Cllr Grace Williams has been formally elected as Leader of Waltham Forest Council, replacing Cllr Clare Coghill who declared her intention to step down in June. Cllr Alistair Strathern has taken over Williams’ portfolio for children, young people and families.
Eleanor Kelly will be retiring from her role as Chief Executive of Southwark Council next year, after a decade in the post.
Rob Asbury has left his role as a retail and leisure partner at Montagu Evans to pursue a degree in Zoology at the University of Roehampton.
The Metropolitan Police Service has appointed Poli Stuart-Lacey, currently Director of Communications at HM Revenue & Customs, as its new Director of Media and Communications.
Native Land has appointed Jay Squier, its Director of commercial and mixed-use development, to its board.
The former head of communications and public affairs at Chelsea FC and former sports editor at the Evening Standard Simon Greenberg has sadly passed away.
PLANNING BILL APPROACHING?
For many weeks now, we’ve been expecting the Government’s Planning Bill to be released ‘in the autumn’ and it’s getting to that time of year… Many of the reforms hinted at in the Planning for the Future White Paper make for bitter medicine, particularly to Tory MPs and councils in the wider South East. With that in mind, it is hard to see recent activities by Housing Secretary Robert Jenrick and his team as anything other than an exercise in dispensing the proverbial spoonful of sugar. We reported last week on the allocation of affordable housing construction grants, but it is worth adding here that Jenrick has been keen to highlight how these funds will support affordable homes for ownership. Then came a series of site visits, including to Epsom, Kensington & Chelsea, Barnet, and various locations in Kent and East Sussex, where Jenrick toured town centres and regeneration sites with fellow-Tory local MPs and councillors. Separately, Jenrick’s deputy Christopher Pincher, the Minister for Housing, has announced that the dreaded Housing Delivery Test applied to local authorities’ performance during 2020/21 will take into account the pandemic’s impact by knocking off four months from their requirement. Jenrick is, meanwhile, the keynote speaker at Property Week’s Resi Convention and will share ‘his vision for the evolution of housing strategy in a post-pandemic, post-Brexit Britain’ in a Keynote Address tomorrow morning. Might that include any further details about the Planning Bill? We certainly hope so.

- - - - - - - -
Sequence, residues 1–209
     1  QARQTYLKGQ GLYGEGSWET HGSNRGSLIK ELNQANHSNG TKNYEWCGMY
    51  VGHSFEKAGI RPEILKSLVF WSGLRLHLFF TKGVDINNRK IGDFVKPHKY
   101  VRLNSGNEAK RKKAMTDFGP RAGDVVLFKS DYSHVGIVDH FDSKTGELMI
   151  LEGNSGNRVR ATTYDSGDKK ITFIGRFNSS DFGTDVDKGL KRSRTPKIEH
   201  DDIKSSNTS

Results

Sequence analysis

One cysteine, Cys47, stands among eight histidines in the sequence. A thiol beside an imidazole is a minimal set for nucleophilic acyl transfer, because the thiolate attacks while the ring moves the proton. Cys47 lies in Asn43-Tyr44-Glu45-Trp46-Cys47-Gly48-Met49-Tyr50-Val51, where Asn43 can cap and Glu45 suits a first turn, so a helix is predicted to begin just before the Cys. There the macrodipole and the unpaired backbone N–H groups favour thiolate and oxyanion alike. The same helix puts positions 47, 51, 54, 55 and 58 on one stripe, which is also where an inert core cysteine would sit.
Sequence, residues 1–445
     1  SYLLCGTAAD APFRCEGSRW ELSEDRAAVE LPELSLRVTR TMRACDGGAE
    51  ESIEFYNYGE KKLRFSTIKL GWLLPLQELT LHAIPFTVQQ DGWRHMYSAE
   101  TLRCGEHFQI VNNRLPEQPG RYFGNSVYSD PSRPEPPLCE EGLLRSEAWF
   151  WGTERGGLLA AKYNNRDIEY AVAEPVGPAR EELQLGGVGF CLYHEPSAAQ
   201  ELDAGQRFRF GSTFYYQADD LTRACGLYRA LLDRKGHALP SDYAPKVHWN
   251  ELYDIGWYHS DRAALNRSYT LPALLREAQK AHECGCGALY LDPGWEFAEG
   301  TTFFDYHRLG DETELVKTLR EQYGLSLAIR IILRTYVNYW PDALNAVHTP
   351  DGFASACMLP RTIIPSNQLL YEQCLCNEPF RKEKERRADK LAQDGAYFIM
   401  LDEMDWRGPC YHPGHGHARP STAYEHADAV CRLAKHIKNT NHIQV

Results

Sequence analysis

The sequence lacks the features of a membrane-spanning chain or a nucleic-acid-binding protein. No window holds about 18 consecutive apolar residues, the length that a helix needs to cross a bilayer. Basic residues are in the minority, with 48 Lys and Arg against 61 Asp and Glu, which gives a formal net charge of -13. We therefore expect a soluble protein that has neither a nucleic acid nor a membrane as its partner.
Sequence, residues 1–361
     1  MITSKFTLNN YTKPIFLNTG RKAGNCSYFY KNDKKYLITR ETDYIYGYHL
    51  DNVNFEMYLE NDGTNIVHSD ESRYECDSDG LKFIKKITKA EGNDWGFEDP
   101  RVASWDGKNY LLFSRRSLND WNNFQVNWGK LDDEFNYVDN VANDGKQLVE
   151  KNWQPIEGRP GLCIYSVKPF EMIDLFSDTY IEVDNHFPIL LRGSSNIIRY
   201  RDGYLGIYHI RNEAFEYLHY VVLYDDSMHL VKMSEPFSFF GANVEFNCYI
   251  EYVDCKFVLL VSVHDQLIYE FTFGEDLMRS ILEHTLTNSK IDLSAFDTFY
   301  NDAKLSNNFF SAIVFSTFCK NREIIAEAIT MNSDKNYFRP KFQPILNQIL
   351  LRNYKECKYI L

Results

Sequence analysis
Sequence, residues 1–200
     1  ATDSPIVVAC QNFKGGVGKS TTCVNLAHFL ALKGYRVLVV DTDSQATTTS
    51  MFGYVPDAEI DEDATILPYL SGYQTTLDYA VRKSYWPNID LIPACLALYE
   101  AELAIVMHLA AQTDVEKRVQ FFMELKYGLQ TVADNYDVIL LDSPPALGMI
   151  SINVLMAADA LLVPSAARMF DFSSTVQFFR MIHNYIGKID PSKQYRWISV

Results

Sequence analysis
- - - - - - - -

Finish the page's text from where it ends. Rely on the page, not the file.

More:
CLEARING THE AIR
The Conservatives’ environmental credentials have been questioned by two newspapers. A Guardian investigation looked at Facebook advertising and found 50 adverts criticising plans for Clean Air Zones (CAZ) taken out by 17 Conservative MPs, candidates or local associations across a number of locations, including London. While the article does not clarify the period these were published or their reach it does note that the Tories’ opposition often centred – not entirely unreasonably – on how CAZ plans will impact residents dependent on cars. It also mentions that Conservatives have been very supportive of CAZ plans in many areas and that Labour councillors have opposed them in some. The Independent has separately reported that while the Government directed 61 councils across England to implement clean air plans in 2017, only four (London, Birmingham, Bath & North East Somerset and from this winter Portsmouth) have done so to date. It adds that ministers have also approved delays to CAZs ‘in a number of areas’ during the pandemic. While both newspapers’ reports are noticeably vague on some of the detail, headlines such as these will undoubtedly raise questions about the Government’s commitments in the leadup to COP26, especially as transport decarbonisation is one of its ‘priority action areas’.